Email or post your menu to WASCA for a written assessment including tips and recommendations.
- Plain water or mineral water
- Plain reduced fat milk of any size
- Flavoured reduced fat milk less than 375mL
- Flavoured reduced fat milk greater than 375mL
- Fruit juice, greater than 99%, 250mL or less
Amber savoury commercial items, such as hot dogs, hash browns, chicken nuggets, pies and sausage rolls should not be available more than twice per week unless they form part of a balanced meal e.g. served with three salad items and a small piece of fruit.
Other amber items, such as small fruit juice, small fruit muffins and ice creams can be sold every day however, they need to be restricted in some way e.g. recess only; after lunch only.
No. Red foods are off the menu and are not permitted to be sold at all. Remember there is ample opportunity for children to eat these types of foods outside of school hours.
No. Jelly offers no nutritional value and cannot be sold in school canteens. Jelly, whether served with fruit, custard or on its own is classified as red.
Firstly, there is no standard percentage you should add to menu items.
Secondly, you need to:
- Calculate all overheads (e.g. wages, superannuation, tax, insurance etc.)
- Know the cost of goods (e.g. what you pay for one bottle of water; what you pay for each ingredient in a recipe)
- And then you can calculate the gross profit percentage using a formula. See the setting menu prices fact sheet for further information.
Q: Do the national Food Safety Standards apply to our school canteen as we only have one paid staff member and the rest are volunteer workers?
Yes, the Standards are applicable to all businesses that sell food, including school canteens irrespective of whether those who work in the canteen are paid workers or volunteers. The Standards require all those who prepare food for resale to have training commensurate with the level of activity. This includes voluntary workers.
WASCA, on behalf of FOCiS, coordinated the National School Canteen Food Safety Project funded by the Commonwealth Department of Health & Ageing. A DVD and handbook package titled ‘Looking after our Kids’ was developed and sent to all schools in 2002. The package was developed specifically for school canteens and was piloted in canteens in schools of all education systems in each State and Territory.
The video and handbook are available FREE online at
All food businesses must be registered with the local council. The school has a ‘duty of care’ to ensure food produced and consumed within the school is safe. By taking a whole school perspective to food safety, schools will be sure that they are providing due diligence. Please contact your local Environmental Health Officer who will be able to tell you what level of food preparation is permitted. See your local council website for contact details.
Compliance with the Healthy Food and Drink policy, requires paid and volunteer staff to complete FoodSafe Food Handler training (or is equivalent). FoodSafe packages can be purchased from Environmental Health Australia http://www.eh.org.au/resources/foodsafe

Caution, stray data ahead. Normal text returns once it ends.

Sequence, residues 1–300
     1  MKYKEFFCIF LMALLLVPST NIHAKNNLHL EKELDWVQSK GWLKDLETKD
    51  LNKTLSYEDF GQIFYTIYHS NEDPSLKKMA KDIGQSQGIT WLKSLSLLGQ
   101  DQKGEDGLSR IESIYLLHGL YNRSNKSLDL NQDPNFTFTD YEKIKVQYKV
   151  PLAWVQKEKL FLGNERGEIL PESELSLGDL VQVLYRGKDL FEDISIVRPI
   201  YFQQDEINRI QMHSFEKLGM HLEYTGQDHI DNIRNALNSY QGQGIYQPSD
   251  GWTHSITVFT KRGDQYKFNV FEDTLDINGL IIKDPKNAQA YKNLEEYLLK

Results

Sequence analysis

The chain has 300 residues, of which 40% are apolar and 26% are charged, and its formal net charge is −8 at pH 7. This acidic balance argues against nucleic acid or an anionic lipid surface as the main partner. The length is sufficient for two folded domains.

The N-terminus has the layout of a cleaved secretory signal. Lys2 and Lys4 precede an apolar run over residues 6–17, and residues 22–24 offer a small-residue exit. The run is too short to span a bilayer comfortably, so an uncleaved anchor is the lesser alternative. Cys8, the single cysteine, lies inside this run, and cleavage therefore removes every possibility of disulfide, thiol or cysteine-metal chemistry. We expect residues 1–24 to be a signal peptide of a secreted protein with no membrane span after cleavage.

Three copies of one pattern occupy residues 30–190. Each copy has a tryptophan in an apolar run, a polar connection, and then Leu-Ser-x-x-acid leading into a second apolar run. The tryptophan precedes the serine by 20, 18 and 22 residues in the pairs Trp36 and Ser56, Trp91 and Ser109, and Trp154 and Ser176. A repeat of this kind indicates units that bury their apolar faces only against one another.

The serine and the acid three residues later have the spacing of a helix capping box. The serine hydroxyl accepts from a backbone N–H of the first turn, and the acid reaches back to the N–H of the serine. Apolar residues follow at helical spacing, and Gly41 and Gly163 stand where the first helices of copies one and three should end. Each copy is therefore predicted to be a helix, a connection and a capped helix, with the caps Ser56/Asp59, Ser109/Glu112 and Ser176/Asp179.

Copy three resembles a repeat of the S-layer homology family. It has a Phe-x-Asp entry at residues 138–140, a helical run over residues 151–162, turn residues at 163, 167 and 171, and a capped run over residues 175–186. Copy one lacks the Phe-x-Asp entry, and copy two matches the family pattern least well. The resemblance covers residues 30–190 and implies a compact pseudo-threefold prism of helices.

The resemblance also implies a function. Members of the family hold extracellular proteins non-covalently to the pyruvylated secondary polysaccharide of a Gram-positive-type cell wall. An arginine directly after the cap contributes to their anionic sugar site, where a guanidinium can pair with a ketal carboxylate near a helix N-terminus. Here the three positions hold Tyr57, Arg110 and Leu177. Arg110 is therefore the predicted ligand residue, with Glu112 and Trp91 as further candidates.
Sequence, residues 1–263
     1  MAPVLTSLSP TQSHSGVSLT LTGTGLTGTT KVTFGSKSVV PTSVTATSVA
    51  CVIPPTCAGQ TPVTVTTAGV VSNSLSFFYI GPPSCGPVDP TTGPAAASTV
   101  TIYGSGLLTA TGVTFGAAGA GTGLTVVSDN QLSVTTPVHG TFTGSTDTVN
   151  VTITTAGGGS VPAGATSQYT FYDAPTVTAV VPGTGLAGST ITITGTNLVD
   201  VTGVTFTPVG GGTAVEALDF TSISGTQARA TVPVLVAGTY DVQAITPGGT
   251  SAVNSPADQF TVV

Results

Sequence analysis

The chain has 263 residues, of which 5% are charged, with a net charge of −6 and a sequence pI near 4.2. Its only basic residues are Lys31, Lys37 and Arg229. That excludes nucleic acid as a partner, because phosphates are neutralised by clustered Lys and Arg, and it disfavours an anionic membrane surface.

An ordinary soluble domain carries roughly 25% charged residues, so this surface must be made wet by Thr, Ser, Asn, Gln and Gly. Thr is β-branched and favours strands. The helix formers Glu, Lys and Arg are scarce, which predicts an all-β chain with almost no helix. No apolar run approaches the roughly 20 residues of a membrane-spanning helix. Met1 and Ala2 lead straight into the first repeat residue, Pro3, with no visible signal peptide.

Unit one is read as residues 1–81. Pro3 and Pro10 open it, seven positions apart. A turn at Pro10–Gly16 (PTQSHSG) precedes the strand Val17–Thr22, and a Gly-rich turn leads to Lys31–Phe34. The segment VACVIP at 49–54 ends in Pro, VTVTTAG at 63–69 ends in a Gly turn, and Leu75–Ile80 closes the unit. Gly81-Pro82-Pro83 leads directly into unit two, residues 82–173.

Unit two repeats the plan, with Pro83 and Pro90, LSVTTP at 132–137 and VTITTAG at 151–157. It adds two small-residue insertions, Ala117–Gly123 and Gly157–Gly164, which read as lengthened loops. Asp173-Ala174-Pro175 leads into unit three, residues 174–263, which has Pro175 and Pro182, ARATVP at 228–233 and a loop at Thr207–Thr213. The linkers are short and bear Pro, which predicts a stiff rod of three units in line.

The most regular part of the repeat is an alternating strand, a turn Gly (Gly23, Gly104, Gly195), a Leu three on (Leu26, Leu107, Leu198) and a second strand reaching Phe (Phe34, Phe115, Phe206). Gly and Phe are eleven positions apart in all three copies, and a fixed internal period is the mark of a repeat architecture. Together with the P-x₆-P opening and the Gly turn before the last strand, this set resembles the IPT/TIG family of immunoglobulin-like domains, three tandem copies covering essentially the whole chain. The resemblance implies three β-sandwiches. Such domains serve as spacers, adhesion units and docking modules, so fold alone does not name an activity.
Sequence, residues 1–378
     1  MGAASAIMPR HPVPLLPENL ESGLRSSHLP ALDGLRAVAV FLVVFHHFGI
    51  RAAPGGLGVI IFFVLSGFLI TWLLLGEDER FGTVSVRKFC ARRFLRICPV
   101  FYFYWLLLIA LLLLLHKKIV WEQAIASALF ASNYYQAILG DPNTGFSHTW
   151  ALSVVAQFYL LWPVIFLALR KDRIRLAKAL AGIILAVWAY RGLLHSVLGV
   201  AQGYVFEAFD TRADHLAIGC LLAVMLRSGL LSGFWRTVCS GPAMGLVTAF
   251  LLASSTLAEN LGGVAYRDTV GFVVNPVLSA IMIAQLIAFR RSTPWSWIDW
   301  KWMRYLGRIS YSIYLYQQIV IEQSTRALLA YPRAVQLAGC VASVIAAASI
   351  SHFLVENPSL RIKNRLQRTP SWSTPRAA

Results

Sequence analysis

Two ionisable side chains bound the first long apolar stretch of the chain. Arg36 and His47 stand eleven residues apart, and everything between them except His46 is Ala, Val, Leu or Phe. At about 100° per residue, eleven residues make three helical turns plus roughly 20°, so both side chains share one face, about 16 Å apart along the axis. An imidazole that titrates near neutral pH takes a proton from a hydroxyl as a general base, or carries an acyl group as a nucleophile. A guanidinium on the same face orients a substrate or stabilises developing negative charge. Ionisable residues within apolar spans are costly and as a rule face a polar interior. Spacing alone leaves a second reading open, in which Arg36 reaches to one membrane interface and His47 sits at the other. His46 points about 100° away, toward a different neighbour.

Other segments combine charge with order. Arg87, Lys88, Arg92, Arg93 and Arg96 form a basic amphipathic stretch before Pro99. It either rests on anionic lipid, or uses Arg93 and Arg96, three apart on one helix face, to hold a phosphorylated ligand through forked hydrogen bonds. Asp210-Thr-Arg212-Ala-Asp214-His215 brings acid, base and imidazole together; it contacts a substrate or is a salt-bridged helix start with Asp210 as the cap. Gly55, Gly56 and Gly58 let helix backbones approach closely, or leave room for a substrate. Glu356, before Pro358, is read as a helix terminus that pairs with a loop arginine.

Food Safety Australia have a number of courses online that are easily accessed, the equivalent training to FoodSafe is the Food Handlers Certificate Course which is $79 to complete online.
Many local councils have subscribed to training called ‘I’m Alert’. Whilst it is not as comprehensive as FoodSafe, it may be considered a good first step for volunteers. Anyone can access it for free through local council websites e.g. City of Fremantle http://www.imalert.com.au/foodsafety/training/welcome.php?sub=fremantle
Q: We want to get rid of some of the unhealthy items that our canteen sells, but are meeting lots of resistance. How can we get started on this?”
If you are a Government school, you must comply with the Department of Education’s Healthy Food and Drink Policy which has been mandated for Government Schools since 2007. All food and drinks classified as RED should be removed from the menu. Schools should now be fully compliant with the policy. RED food and drinks should not be sold at all. As of 2009 Catholic Schools should also be compliant with the Catholic Education Office’s policy ‘Healthy Food and Drink Choices.
Rather than just tackling the menu and what is being sold from the canteen, we recommend that you start by developing a policy for the canteen, or by reviewing your policy if you already have one. If your school has a health committee, this could be a good project for the committee, but health coordinators, physical education teachers and school nurses are also often good allies for instigating change. By developing or reviewing policy, it allows everyone within the school community to put forward their ideas and the issue of what the canteen sells will be discussed in a far less emotive manner. Policy guidelines have been developed for the Government strategy.